Definition of Canto
Canto is a subdivision or part of a narrative or epic poem made up of five or more lines, e.g. B. a stanza that can also be a chant. The word “song” comes from the Latin word cantus, which means “a song. “

The Italian poets Dante, Matteo Boiardo and Ludovico used Cantos to break their poems into shorter sections for thematic understanding. In English literature, Edmund Spenser is the first poet to use this division in his famous poem "The Faerie Queene". Lord Byron also used this subdivision in his poem Childe Harold's Pilgrimage.

Examples for Canto in the literature
Example 1: The Queen of the Fairies (by Edmund Spenser)
"The patron saint of true holiness,
FouleErrour doth defeate:
Hypocrisie to entreate his house.
If old traces of deep wounds remained,
The cruel traces of many Bloudyfielde;
Yet guns by that point he was furious; chose his foming bitt,
How much contempt for the curbe to give in. “

This chant describes the character of the knight who represents all the qualities of chivalry, such as bravery and fighting spirit. It is eleven lines compared to six or seven lines of Italian chants.

Example 2: Inferno (by Dante Alighieri)
“One night, when half my life was behind me, I was wandering off the straight, lost path from afar.
Through the great darkness there was no way of liberation;
But this darkness was no relieving star.
If this frightened night was still there, I think or say,
When the cold hands of death reappear, the fears.a pathless, lightless hours are forgotten,
I turn my story around what happened next ,
When the dawn opened and the night did not. "

This is another good example of singing, an important part of Dante's" Divine Comedy ". Here Dante describes how he loses the right path when traveling through the forest. This chant, however, consists of ten lines as opposed to eleven lines in the first example.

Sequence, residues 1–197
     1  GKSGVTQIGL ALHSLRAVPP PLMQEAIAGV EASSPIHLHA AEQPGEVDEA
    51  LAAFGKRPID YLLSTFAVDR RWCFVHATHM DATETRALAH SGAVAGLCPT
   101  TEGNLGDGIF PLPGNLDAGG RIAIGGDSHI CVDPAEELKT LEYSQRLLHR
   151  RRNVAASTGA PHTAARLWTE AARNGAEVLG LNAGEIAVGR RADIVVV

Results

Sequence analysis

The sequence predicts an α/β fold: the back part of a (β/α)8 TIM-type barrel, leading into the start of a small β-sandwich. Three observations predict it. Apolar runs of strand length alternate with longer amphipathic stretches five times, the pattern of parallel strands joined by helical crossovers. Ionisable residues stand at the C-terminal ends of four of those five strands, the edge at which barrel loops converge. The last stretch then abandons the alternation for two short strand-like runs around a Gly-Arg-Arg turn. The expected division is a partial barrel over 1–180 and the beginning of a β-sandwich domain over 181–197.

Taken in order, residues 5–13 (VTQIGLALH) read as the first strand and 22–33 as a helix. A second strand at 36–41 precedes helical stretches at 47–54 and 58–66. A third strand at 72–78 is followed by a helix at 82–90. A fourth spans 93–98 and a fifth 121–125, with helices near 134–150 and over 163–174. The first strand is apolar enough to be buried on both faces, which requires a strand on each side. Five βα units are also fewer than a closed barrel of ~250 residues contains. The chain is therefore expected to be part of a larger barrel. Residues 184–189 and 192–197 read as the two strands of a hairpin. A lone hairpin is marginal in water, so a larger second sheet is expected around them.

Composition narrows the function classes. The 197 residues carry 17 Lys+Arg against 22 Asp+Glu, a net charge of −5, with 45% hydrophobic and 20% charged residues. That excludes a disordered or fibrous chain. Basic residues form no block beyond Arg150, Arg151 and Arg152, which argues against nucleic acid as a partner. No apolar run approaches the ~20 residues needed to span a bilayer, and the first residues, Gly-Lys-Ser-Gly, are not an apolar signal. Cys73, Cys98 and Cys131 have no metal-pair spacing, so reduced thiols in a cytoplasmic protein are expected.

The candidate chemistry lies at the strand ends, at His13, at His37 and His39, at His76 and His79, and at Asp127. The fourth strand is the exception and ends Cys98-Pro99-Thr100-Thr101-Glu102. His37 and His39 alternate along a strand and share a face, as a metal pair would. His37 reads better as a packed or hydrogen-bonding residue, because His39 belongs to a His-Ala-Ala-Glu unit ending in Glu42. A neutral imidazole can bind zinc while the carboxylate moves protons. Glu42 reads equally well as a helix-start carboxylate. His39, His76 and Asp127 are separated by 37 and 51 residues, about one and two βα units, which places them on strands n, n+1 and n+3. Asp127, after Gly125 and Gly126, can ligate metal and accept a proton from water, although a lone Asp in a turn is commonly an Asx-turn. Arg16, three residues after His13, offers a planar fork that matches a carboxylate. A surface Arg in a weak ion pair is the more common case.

Example 3: The Cantos (by Ezra Pound)

“And then went down to the ship,
Set the keel to the breakers, further on the divine sea, and
We set mast and sails on this swart ship,
Bore sheep on board, and our bodies too
Heighted with weeping and winds from stern
Bore us on with believing canvas,
Circes This craft, the goddess with the moldings ... “

Ezra Pound has this poem in 129 parts are written, and each part is a separate chant. This is the first part in which he describes a ship voyage laden with sheep and is The word "Circe" refers to Homer's epic poem "The Odyssey" which alludes to the eerie atmosphere Pound created in this poem.

Example 4: Childe Harold's Pilgrimage (by Lord Byron)
“I was standing on the bridge in Venice
A Palace and a prison on each hand
I saw out of the wave how their structures rose from the wizard's wand:
A A thousand years stretch her cloudy wings
Around me, and a dying glory smiles
O'er the distant times when many a country
See the marble piles of the winged lion,
Where Venice is enthroned in the state on its hundred islands!

This is the fourth song of "Child Harold's Pilgrimage", in which he describes his trip to Italy. It also shows his lamentation over the decline of ancient civilization.

Example # 5: Don Juan (by Lord Byron)
"I want a Hero: a rare wish,
When every year and month he sends a new one,
Until, after impaling the Gazettes with Cant,
The Age discovers that he is not the real one;
Of such as these I would not mind boasting
Therefore, I will take our old friend Don Juan;
We have all seen him in the pantomime,
Sent to the devil, something before his time. ”

This is the first song, in which Lord Byron says that his own age cannot provide a suitable hero for his poem - the reason why he is using an old friend, Don Juan, as a hero.

Song se Used as an introduction to a poem, in addition to serving as a unitary prologue to an entire epic, it also enables the reader to understand different turning points in the poem.It's episodes in a poem to facilitate reader understanding.
Canon Caricature